Spruce Pine, NC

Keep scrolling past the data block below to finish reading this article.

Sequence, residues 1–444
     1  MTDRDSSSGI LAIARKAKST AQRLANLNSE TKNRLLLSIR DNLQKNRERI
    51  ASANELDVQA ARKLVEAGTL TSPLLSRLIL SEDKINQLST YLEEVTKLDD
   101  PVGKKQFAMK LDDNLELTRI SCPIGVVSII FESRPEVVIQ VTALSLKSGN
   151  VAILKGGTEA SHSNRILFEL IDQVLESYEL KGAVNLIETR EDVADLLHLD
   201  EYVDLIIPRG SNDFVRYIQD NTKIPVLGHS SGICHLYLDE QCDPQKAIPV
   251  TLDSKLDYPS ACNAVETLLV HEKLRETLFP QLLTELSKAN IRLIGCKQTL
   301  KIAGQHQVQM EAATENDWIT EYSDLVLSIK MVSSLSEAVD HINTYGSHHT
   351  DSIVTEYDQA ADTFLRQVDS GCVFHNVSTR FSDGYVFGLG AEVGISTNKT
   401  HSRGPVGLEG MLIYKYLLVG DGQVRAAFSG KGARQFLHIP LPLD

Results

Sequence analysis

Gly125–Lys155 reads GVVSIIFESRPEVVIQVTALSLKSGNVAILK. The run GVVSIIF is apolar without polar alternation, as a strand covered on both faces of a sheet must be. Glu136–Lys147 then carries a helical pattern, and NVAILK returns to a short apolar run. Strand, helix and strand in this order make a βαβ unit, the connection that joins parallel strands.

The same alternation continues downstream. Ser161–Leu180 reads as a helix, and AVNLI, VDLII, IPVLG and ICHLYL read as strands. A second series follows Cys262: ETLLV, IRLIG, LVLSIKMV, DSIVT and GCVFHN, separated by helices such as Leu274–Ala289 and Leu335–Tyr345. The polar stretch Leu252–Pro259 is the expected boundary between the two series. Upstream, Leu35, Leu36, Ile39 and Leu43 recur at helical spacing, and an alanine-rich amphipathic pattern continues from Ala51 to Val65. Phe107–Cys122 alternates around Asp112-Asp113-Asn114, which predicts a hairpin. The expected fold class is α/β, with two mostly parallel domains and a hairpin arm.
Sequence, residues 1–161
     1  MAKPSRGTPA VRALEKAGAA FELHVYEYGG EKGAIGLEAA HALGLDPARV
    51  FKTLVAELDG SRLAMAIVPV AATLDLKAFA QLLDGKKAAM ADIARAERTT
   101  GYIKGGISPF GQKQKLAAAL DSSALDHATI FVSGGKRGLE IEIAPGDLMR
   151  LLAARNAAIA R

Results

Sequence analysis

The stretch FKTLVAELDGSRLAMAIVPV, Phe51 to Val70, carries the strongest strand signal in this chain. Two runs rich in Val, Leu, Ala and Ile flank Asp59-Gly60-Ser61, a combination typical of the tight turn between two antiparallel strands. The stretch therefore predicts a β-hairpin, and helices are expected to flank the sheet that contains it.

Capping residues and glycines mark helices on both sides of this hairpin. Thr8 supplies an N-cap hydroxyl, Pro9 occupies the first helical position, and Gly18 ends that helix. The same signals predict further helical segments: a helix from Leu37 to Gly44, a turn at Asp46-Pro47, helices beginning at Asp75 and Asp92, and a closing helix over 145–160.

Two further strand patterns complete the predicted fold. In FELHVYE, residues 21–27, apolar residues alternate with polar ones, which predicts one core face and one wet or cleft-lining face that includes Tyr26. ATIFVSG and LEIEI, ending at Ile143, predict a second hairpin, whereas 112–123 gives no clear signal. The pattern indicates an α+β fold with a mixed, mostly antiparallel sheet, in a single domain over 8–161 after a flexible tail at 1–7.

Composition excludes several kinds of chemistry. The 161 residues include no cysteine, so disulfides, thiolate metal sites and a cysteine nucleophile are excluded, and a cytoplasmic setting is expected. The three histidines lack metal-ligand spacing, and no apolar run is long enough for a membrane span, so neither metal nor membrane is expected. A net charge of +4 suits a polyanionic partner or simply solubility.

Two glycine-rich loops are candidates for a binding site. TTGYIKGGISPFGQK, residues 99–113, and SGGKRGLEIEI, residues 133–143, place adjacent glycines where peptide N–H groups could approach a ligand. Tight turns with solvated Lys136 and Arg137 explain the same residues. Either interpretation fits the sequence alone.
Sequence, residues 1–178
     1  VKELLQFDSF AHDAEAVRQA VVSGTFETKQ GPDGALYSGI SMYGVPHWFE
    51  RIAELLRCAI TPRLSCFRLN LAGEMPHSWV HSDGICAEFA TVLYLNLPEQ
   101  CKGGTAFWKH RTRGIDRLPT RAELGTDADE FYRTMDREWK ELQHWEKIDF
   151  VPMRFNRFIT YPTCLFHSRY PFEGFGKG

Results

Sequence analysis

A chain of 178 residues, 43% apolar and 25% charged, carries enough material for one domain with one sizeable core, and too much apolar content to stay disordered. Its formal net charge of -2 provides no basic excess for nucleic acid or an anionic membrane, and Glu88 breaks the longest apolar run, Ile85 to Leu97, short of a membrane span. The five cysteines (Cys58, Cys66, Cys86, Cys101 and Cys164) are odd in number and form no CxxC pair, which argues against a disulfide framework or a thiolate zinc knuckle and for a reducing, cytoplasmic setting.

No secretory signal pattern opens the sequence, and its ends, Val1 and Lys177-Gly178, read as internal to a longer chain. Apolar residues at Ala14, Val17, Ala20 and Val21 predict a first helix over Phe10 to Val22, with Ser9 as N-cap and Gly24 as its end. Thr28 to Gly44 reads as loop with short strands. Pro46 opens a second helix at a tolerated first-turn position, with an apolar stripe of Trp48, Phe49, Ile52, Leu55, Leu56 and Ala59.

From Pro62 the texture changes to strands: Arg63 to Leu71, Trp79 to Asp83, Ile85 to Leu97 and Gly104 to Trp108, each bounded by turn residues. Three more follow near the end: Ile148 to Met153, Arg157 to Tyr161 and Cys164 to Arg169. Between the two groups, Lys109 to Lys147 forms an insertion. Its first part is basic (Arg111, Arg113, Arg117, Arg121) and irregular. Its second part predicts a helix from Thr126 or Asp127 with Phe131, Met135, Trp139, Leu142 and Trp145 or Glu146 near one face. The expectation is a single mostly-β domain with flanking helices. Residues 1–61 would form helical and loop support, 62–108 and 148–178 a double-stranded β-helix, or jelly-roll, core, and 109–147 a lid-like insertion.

Having grown up poor and white in the deep south in the 1960’s, it was common to hear racial slurs whispered among my white classmates, but never directed in anger at my black or brown friends. Before segregation we all went to the same local school; rich, poor, black, brown or white. But when the buses rolled in to take us all from our mixed local school to a black neighborhood 20 miles away in Savannah, our lives were forever changed for the worse. Within a few short years, my black and brown friends were forced to choose between the city blacks and their “honky” friends that they had grown-up with. In Savannah and throughout the south affirmative action, segregation, and busing triggered the end of the lower white middleclass dream for a better life. Our standard of living had been lowered to help rich white guilt pay for the crimes against poor African Americans.